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CEPDB FAQ

About the data

Who is behind the CEPDB?

The CEPDB is hosted by the Harvard Clean Energy Project (CEP). The Clean Energy Project is run by a team of scientists and students in the Department of Chemistry and Chemical Biology at Harvard University, led by Professor Alán Aspuru-Guzik. The data was collected using IBM’s World Community Grid using volunteer’s donated computer time. Professor Zhenan Bao at Stanford University helped us design the fragments for the initial molecular library and has helped us understand the data set.

Who are these results useful for?

These results are useful for scientists and engineers who want to design new materials and technological applications.

Where do results come from?

The results in the database are the product of the Harvard Clean Energy Project.

How were the results calculated?

See the About the Data page for more details!

What are the restrictions on use of the data?

The data is provided free of charge to the public and the research community in the spirit of open-source science. We would appreciate it if you cite us if you use the data for your research. The data is provided as is without any guarantee of validity or accuracy.

Use of the data requires citation of the appropriate literature sources. The data in this database is released under the Creative Commons Attribution ShareAlike license and therefore any academic publications associated with the CEPDB should be appropriately cited.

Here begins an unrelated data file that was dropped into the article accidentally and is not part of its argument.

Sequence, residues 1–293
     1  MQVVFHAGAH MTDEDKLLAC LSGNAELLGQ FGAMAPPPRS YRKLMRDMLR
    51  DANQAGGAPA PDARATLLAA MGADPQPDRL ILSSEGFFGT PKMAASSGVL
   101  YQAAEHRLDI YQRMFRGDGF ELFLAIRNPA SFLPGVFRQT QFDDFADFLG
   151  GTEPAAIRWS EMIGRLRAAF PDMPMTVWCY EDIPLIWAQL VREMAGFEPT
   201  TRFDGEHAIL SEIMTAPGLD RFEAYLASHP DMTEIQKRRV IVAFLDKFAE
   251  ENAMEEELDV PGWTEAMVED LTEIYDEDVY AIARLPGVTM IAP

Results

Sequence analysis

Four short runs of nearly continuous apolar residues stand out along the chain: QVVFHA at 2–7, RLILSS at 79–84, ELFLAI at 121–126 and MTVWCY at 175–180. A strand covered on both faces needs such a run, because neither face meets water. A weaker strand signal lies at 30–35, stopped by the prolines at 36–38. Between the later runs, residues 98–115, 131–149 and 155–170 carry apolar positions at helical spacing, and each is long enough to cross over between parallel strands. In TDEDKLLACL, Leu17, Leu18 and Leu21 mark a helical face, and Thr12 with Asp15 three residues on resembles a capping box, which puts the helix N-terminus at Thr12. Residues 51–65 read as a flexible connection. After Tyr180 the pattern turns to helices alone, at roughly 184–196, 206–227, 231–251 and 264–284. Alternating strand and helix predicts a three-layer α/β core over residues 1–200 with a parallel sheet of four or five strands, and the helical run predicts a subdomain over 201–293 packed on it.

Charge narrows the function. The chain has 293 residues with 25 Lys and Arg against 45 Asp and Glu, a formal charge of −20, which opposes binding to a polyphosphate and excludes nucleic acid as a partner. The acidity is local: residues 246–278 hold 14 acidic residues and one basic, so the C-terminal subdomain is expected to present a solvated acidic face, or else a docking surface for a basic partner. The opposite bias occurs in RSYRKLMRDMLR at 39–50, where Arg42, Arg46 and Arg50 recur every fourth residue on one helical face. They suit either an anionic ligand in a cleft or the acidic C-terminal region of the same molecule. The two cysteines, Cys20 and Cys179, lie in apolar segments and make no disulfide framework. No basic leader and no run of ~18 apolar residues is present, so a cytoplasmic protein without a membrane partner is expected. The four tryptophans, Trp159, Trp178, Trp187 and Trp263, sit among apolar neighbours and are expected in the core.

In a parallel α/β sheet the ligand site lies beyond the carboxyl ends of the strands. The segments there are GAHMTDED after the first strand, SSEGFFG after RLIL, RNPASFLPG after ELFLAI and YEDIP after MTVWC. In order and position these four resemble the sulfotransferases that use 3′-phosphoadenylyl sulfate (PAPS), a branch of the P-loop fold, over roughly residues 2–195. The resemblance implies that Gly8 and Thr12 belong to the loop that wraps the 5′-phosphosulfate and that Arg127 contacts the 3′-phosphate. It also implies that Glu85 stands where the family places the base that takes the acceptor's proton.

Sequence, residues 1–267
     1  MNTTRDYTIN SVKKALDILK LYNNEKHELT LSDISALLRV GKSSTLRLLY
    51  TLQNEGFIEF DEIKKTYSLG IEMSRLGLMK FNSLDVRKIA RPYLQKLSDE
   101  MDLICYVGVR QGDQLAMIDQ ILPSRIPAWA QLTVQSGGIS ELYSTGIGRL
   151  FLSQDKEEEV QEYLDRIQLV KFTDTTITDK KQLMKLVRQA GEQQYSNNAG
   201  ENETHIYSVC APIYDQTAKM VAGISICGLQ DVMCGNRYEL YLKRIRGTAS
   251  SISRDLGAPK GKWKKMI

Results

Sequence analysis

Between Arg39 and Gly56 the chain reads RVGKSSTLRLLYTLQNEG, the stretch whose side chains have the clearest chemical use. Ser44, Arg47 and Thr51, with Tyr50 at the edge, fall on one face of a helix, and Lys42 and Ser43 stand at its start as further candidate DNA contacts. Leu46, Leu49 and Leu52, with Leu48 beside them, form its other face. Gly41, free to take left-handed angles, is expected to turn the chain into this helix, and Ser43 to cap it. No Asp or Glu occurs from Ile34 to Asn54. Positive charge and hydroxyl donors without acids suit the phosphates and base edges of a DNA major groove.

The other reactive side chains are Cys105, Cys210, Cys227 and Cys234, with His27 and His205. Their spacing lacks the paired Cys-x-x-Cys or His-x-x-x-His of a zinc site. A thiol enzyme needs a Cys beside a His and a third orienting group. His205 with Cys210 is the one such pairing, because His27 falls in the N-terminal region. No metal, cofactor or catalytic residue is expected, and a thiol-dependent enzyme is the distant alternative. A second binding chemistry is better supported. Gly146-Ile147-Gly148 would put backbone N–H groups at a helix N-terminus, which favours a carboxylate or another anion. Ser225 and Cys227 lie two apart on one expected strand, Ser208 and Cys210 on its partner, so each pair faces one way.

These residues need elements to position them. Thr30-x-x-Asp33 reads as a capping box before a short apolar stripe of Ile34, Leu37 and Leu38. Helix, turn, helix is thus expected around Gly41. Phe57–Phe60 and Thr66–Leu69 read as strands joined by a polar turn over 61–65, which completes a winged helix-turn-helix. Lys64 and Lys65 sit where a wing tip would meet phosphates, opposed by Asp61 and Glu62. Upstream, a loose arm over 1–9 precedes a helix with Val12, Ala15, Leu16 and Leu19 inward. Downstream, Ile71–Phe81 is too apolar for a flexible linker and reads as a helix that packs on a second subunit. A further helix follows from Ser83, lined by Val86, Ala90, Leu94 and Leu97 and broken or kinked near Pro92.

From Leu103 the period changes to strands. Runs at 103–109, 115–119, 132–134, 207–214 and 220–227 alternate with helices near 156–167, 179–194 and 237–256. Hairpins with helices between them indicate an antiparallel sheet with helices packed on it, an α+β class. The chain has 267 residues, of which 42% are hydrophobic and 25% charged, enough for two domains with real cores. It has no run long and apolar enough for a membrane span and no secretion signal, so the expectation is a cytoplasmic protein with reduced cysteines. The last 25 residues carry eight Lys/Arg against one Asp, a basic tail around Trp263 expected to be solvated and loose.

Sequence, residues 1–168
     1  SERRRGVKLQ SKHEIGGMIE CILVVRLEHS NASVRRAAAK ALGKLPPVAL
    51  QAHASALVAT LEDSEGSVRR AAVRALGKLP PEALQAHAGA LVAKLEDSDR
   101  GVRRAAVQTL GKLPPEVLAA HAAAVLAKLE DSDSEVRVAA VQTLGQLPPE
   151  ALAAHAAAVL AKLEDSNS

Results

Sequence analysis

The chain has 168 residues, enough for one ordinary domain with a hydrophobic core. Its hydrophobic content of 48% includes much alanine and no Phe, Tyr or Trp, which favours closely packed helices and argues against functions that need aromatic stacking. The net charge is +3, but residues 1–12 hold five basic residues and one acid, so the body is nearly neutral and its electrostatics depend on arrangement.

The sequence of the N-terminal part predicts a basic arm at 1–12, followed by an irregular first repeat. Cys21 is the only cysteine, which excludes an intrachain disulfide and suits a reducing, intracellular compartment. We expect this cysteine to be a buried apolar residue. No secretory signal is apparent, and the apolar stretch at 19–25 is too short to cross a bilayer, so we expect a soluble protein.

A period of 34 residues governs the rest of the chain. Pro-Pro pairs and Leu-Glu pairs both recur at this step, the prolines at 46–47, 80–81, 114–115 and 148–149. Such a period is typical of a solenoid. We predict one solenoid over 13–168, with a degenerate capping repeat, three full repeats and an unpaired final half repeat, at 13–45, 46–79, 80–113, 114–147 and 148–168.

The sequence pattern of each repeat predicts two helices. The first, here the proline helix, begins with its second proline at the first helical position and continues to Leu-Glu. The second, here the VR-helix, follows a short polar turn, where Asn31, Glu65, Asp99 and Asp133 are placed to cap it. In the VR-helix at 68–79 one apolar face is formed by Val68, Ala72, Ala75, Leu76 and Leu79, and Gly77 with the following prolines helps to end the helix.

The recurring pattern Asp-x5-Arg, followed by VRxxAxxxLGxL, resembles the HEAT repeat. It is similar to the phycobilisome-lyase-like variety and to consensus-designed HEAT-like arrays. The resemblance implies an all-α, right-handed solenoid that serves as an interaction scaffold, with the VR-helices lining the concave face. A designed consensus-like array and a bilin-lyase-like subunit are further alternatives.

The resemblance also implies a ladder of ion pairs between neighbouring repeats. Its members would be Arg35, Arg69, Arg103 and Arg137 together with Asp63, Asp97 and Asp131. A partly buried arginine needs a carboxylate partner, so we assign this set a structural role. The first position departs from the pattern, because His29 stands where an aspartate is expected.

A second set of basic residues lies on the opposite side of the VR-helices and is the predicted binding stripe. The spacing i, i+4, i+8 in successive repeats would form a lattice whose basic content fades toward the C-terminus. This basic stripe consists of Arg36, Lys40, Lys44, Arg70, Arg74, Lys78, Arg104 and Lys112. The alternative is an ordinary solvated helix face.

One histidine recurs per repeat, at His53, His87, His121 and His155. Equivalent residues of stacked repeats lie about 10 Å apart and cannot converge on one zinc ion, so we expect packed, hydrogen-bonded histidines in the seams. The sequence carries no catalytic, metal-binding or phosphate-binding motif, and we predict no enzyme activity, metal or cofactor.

If I use the data, how do I cite it?

If you use the CEPDB in your research, we would greatly appreciate the citations to the publications listed here.

How can I collaborate with the Clean Energy Project?

You can volunteer the spare time of your computer! See here for details. If you are interested in a more formal research collaboration, please contact us directly.

About the results

How reliable are the computational results?

See the About the Data page for more details!

Can I upload my own data?

The ability to upload experimental data is coming in a future release. We look forward to hosting the experimental data of the community.

Why are there several geometries for each molecule?

For each of the molecular motifs we generate up to five low-energy conformers using molecular mechanics, and these are subsequently subject to geometry optimizations at the DFT level. By considering different conformers we hope to capture possible deviations from the minimum geometry of a molecular motif due to interactions in a polymer or bulk context.

About the search

I am not getting any results, is there something wrong?

It is possible that the conditions you specified for your search are too restrictive so none of the molecules in our database fulfill them. Try putting less conditions.

How do I display more than 100 search results?

Go to the “search settings” tab and increase the maximum number of results. Be aware that this will also increase the time it takes to your search.

My search is taking a long time, how can I make it faster?

If your search is taking too long, try reducing the number of conditions that you are adding to the search. You can also decrease the number of results you want from the “search settings” tab.

The search engine is too limited for my needs, what can I do?

The current release is a limited version of the entire database. We welcome suggestions for new features to include in the next release version of the database. If you are interested in deeper analysis of the raw data, we welcome you to become a data analytics collaborator.

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